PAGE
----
Part I.
1. Paul and the Apocalyptic Imagination: An Introduction—Ben C. Blackwell, John K. Goodrich, and Jason Maston
2. “Then I Proceeded to Where Things Were Chaotic” (1 Enoch 21:1): Mapping the Apocalyptic Landscape—David A. Shaw

Part II.
3. Apocalyptic as God’s Eschatological Activity in Paul’s Theology—Martinus C. de Boer
4. Apocalyptic Epistemology: The Sine Qua Non of Valid Pauline Interpretation—Douglas A. Campbell
5. Apocalyptic as Theoria in the Letters of St. Paul: A New Perspective on Apocalyptic as the Mother of Theology—Edith M. Humphrey
6. Apocalyptic and the Sudden Fulfillment of Divine Promise—N. T. Wright

Part III.
7. Some Reflections on Apocalyptic Thought and Time in Literature from the Second Temple Period—Loren T. Stuckenbruck
8. The Transcendence of Death and Heavenly Ascent in the Apocalyptic Paul and the Stoics—Joseph R. Dodson
9. Second-Century Perspectives on the Apocalyptic Paul: Reading the Apocalypse of Paul and the Acts of PaulBen C. Blackwell
10. Some Remarks on Apocalyptic in Modern Christian Theology—Philip G. Ziegler

Part IV.
11. Righteousness Revealed: Righteousness of God in Romans 3:21-26—Jonathan A. Linebaugh
12. Thinking from Christ to Israel: Romans 9-11 in Apocalyptic Context—Beverly Roberts Gaventa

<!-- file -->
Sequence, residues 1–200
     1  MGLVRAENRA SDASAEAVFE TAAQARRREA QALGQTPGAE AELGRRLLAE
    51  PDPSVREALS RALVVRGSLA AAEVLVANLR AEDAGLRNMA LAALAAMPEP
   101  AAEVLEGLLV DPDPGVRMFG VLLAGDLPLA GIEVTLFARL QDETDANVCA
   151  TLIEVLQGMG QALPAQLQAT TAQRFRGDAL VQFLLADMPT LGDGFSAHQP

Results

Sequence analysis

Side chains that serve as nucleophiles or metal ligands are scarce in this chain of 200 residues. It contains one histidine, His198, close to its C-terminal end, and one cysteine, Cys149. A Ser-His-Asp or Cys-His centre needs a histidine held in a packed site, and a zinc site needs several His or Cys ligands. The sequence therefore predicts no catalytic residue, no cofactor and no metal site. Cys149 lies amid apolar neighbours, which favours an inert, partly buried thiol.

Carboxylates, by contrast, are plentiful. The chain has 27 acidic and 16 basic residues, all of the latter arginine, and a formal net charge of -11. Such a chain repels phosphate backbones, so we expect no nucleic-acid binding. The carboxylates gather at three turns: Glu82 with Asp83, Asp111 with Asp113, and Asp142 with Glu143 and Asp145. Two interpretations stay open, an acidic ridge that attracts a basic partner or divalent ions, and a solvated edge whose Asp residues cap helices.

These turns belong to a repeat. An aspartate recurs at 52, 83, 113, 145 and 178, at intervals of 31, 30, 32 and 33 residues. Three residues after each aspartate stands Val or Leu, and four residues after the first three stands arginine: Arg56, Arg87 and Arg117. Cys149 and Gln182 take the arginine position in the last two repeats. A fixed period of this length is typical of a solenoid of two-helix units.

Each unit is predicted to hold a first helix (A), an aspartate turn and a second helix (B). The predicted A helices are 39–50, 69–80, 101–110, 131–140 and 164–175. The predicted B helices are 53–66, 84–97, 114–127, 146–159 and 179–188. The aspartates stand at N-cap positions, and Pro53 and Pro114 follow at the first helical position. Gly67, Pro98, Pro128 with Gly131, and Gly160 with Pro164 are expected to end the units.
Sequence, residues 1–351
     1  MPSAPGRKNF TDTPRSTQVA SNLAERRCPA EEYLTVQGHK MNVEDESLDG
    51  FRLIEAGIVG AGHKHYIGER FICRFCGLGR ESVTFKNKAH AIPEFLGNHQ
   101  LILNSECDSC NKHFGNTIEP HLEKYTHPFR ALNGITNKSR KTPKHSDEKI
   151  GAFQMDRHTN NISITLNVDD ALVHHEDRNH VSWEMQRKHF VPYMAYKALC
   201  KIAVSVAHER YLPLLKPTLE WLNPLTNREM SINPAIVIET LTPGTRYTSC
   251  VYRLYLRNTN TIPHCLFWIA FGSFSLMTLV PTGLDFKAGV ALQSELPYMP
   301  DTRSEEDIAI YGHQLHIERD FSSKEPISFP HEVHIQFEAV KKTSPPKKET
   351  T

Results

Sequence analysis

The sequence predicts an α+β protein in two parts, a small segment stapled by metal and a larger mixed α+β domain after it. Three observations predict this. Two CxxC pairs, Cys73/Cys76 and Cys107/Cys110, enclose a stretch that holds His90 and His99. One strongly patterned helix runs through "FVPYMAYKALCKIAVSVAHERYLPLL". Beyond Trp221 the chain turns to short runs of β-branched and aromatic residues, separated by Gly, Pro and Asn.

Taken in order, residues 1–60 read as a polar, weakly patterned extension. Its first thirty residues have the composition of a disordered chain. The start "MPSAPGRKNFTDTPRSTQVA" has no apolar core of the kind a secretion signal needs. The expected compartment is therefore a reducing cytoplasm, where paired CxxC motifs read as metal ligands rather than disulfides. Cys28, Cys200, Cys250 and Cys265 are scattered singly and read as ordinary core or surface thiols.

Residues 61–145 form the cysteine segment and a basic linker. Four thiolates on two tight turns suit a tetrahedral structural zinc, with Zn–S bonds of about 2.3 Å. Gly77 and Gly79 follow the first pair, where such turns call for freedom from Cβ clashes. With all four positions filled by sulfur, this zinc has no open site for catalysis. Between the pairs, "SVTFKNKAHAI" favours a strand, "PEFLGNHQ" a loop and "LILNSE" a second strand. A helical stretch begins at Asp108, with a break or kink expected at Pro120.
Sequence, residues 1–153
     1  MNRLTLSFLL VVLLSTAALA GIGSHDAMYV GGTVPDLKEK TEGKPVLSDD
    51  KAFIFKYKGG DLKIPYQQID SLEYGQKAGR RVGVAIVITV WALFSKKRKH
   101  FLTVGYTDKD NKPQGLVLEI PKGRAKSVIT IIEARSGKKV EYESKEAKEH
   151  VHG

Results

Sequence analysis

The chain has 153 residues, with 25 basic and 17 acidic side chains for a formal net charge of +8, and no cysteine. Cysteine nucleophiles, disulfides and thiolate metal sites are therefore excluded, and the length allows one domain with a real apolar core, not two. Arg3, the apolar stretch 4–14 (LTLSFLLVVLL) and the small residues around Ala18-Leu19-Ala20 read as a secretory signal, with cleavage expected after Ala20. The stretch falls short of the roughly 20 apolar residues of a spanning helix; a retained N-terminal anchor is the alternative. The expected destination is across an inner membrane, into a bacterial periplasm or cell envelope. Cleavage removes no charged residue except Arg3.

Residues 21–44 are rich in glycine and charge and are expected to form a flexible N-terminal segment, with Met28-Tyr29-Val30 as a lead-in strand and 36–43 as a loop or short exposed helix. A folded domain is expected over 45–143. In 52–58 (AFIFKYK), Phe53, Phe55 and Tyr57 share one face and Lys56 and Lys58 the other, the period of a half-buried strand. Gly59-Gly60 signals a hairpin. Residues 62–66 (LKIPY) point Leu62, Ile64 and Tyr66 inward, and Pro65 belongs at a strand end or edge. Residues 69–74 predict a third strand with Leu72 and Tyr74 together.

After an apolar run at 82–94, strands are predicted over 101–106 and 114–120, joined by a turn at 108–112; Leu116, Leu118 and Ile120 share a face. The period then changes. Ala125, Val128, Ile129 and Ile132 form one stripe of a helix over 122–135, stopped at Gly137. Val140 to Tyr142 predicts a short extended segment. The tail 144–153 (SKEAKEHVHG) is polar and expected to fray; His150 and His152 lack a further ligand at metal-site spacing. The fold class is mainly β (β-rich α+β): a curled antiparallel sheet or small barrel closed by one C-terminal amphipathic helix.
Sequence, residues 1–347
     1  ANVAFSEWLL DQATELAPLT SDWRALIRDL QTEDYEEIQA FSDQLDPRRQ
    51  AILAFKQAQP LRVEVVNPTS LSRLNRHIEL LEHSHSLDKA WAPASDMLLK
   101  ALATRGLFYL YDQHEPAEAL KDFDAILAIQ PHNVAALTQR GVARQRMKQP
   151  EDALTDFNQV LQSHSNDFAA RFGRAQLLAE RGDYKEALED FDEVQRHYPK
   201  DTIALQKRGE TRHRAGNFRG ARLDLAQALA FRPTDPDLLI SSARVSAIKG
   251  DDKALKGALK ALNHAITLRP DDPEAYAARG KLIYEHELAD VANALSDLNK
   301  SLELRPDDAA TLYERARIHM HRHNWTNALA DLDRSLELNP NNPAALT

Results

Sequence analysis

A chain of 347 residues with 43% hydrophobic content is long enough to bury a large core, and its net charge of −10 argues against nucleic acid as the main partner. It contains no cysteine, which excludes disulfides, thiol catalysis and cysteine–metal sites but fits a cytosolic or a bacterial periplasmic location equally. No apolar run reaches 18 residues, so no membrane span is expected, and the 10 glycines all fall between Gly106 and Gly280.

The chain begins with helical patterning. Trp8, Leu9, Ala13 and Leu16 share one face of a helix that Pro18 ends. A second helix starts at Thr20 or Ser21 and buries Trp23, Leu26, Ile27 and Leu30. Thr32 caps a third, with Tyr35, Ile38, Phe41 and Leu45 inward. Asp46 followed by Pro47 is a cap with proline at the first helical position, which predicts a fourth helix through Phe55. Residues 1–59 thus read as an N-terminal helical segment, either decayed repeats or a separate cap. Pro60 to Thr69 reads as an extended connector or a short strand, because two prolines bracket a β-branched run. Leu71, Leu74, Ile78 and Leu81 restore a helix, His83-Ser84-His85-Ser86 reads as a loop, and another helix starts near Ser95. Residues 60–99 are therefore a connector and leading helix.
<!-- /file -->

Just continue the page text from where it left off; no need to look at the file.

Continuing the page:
13. Apocalyptic Allegiance and Disinvestment in the World: A Reading of 1 Corinthians 7:25-35—John M. G. Barclay
14. After Destroying Every Rule, Authority, and Power: Paul, Apocalyptic, and Politics in 1 Corinthians—John K. Goodrich
15. Plight and Solution in Paul’s Apocalyptic Perspective: A Study of 2 Corinthians 5:18-21—Jason Maston
16. The Apocalyptic New Covenant and the Shape of Life in the Spirit according to Galatians—Michael J. Gorman
17. The Two Ages and Salvation History in Paul’s Apocalyptic Imagination: A Comparison of 4 Ezra and Galatians—J. P. Davies

Index of Names
Index of Ancient Writings

I’m happy to be participating in the a relatively new group for SBL–Texts and Traditions in the Second Century. Of course, I’m contributing to what looks to be a great discussion of Paul in the Second Century.

Texts and Traditions in the Second Century
Sunday, 11/22/2015, 4:00 PM to 6:30 PM
Room: Techwood (Atlanta Conference Level) – Hyatt

Theme: Paul in the Second Century

Christopher Hays, Fundación Universitaria Seminario Bíblico de Colombia, Presiding
John Kincaid, John Paul the Great Catholic University
The Saving Righteousness of God at Philippi: Paul, Polycarp, and the Question of Dikaiosyne (25 min)
Discussion (5 min)
Ben Edsall, Australian Catholic University